If there is a build up of old stains on the deck, then the job gets a little tougher, but not impossible. Instead of a sodium percarbonate cleaner you'll need to use a stain stripper. Strippers are more caustic so follow the directions carefully. They work great and will remove most weathered stains in a single application. Lastly, if there are small spots of stain that won't come off during the cleaning process, a palm-type sander should remove them easily after the deck has dried. If those spots of stain are left on the deck, they will show through the new finish and detract from the deck's final appearance. Some stain manufacturers offer a free instructional video to help walk you through this entire process. They're a terrific tool to use to ensure that you do it right the first time. Check out a sample deck staining video here.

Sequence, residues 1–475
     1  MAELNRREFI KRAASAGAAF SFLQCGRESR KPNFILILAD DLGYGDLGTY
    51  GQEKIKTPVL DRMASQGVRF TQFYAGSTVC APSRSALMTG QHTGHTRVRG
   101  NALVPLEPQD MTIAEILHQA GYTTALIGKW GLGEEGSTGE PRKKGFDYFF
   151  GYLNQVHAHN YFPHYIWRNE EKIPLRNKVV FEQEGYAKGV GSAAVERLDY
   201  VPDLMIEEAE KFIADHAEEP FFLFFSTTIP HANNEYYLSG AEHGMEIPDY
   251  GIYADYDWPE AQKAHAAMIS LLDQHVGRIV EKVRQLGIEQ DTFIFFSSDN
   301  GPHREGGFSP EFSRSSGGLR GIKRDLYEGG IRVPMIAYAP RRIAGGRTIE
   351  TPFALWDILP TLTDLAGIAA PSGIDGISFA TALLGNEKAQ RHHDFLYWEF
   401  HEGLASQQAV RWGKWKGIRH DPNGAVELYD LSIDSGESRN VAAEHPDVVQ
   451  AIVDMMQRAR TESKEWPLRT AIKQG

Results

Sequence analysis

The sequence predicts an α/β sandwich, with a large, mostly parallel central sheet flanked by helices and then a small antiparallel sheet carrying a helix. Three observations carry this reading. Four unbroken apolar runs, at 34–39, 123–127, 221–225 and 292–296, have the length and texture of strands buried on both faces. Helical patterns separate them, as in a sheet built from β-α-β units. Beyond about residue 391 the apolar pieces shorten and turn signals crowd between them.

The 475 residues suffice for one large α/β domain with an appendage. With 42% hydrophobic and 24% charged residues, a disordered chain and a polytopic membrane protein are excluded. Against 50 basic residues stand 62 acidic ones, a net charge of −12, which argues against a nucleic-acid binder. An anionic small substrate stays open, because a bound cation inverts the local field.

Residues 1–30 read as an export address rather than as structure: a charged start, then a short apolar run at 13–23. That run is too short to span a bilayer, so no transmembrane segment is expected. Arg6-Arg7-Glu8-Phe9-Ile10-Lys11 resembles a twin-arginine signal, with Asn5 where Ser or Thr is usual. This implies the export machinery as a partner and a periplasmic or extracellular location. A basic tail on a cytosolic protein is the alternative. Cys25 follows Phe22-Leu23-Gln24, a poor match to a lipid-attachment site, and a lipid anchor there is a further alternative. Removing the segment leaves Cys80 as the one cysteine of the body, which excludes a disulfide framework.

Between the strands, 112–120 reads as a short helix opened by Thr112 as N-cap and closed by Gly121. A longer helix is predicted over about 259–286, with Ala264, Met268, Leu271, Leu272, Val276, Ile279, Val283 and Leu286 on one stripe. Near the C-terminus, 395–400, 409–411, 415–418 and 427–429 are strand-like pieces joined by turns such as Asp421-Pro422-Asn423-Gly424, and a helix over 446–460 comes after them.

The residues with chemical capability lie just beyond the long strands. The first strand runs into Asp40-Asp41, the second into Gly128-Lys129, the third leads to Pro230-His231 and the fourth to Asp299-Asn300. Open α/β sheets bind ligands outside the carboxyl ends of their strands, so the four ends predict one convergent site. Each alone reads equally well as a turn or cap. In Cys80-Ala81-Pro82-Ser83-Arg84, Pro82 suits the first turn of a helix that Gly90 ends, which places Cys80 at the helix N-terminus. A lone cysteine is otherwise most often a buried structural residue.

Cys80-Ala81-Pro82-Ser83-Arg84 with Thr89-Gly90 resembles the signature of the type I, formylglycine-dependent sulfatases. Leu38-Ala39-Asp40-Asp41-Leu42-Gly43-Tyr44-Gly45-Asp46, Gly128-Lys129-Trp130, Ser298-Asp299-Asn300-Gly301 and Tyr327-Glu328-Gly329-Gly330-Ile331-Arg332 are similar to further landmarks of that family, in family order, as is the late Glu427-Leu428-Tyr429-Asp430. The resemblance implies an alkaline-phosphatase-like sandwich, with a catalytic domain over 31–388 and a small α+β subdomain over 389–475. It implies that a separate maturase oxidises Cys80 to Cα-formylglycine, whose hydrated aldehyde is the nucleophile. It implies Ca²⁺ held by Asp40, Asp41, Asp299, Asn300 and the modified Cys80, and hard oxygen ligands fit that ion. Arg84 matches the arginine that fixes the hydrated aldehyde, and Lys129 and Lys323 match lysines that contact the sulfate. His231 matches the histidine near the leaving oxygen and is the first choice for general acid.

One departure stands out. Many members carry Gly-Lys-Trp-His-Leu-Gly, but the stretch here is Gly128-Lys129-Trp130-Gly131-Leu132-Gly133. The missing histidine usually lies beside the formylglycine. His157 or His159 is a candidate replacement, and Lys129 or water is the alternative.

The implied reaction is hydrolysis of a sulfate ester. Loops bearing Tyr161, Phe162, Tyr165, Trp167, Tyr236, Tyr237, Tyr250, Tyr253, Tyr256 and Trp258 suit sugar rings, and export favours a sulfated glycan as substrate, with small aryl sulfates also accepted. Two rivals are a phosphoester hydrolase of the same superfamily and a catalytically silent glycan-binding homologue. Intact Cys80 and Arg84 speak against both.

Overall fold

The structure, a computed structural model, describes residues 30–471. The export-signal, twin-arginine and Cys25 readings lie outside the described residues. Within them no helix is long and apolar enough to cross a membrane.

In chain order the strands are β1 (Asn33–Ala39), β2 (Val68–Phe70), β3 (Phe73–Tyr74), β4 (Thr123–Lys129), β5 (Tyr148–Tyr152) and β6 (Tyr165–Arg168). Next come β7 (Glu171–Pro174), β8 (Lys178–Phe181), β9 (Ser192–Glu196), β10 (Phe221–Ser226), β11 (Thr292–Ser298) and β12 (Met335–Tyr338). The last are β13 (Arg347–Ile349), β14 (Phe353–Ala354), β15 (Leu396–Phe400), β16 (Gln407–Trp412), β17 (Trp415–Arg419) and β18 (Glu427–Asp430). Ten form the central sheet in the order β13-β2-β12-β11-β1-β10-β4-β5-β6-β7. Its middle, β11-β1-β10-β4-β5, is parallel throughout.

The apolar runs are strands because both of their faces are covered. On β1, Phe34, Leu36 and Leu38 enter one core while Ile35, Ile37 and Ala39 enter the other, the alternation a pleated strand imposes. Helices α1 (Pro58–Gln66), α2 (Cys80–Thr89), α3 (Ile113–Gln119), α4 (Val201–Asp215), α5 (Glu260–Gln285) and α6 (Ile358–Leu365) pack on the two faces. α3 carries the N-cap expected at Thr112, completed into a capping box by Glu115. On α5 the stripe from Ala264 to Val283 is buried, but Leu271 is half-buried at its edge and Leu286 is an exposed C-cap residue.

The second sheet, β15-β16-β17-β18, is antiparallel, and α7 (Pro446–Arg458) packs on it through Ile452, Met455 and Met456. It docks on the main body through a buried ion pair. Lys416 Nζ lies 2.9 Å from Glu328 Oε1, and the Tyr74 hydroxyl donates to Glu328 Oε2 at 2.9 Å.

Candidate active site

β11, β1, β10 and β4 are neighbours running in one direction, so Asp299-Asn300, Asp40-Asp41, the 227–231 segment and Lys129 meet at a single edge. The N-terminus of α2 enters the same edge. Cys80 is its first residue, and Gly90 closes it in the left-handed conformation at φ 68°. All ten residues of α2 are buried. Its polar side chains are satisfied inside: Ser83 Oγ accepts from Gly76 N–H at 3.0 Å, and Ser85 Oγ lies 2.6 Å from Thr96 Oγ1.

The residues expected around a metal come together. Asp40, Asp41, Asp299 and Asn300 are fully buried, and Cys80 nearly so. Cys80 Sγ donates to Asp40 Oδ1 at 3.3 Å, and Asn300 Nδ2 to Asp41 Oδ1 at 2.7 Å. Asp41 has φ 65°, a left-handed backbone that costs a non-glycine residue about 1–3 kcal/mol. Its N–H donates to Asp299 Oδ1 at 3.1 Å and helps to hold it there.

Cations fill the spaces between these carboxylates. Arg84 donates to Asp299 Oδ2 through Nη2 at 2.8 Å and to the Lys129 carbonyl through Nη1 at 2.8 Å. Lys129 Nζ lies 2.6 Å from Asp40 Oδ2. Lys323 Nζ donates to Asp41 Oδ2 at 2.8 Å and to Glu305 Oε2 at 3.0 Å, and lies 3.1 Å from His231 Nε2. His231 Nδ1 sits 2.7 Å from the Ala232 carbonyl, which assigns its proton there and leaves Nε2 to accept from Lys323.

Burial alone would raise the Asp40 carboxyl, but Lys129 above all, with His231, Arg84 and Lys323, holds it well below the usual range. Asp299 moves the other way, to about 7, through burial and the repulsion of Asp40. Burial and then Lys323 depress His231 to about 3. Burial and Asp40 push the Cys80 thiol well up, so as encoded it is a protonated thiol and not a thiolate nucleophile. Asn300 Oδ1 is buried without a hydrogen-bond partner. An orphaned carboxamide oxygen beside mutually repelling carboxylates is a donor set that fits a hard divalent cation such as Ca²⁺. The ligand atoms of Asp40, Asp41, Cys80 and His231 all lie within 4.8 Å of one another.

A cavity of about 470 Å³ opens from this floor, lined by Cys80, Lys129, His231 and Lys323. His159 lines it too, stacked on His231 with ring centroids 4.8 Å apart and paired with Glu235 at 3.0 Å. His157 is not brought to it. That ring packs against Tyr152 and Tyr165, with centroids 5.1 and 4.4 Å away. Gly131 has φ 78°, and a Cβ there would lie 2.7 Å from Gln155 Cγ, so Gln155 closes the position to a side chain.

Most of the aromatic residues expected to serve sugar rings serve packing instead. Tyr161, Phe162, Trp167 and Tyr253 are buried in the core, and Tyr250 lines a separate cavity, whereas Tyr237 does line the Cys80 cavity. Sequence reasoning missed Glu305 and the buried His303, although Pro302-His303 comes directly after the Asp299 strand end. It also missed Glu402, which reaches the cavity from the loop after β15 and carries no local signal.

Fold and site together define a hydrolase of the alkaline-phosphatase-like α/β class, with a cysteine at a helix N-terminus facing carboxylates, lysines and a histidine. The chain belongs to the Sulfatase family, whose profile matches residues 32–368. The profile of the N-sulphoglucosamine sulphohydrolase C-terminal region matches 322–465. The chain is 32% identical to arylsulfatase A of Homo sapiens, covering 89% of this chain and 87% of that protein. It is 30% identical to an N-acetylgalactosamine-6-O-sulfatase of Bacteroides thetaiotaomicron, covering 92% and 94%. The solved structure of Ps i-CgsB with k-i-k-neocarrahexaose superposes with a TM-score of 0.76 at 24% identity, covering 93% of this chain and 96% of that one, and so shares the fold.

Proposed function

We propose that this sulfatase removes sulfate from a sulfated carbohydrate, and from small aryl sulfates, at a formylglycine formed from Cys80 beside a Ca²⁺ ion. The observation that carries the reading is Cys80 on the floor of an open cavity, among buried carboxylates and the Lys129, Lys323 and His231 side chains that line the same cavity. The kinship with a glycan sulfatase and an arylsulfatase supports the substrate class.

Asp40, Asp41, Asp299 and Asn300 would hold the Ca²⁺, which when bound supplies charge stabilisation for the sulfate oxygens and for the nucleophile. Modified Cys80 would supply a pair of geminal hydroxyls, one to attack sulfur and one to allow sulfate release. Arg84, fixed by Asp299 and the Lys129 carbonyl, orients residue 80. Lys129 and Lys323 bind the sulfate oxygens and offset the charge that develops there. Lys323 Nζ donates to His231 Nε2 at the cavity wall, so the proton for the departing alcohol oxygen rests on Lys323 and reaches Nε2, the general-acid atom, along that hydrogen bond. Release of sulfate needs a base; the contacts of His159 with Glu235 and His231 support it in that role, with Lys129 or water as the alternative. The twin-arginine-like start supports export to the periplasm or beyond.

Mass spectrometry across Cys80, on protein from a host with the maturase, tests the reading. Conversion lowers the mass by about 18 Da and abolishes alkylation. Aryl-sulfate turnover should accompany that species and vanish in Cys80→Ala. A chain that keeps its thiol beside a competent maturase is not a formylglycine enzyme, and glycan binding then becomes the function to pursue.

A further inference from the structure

Step 3: Brighteners are Beautiful
In the deck staining process, no step is skipped more than this one. It's by far the easiest step and will have a dramatic effect on the final results. Wood brighteners are easy to apply. They open up the surface of the wood to improve penetration, neutralize any stain strippers that were used, and restore the appearance of old, weathered wood to look like new again. That's a lot for one product to accomplish, but brighteners will do all of that, so don't skip using them. To use them, simply spray them on, wait a few minutes, and rinse them off. No scrubbing and no 'elbow grease' needed. They're so easy to usse and have so many benefits, there's no reason not to use them!
Step 4: Rinse like Mad